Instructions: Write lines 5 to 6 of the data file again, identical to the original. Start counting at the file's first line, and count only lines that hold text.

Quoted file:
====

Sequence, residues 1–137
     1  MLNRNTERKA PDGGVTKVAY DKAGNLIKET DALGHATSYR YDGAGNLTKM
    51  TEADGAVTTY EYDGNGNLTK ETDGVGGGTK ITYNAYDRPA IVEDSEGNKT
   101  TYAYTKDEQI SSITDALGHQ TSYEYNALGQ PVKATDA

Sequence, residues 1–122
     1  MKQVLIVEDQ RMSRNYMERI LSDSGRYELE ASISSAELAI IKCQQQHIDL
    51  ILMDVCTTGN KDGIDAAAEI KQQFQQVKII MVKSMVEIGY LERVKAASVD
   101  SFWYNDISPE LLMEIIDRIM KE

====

Sequence, residues 1–122
     1  MKQVLIVEDQ RMSRNYMERI LSDSGRYELE ASISSAELAI IKCQQQHIDL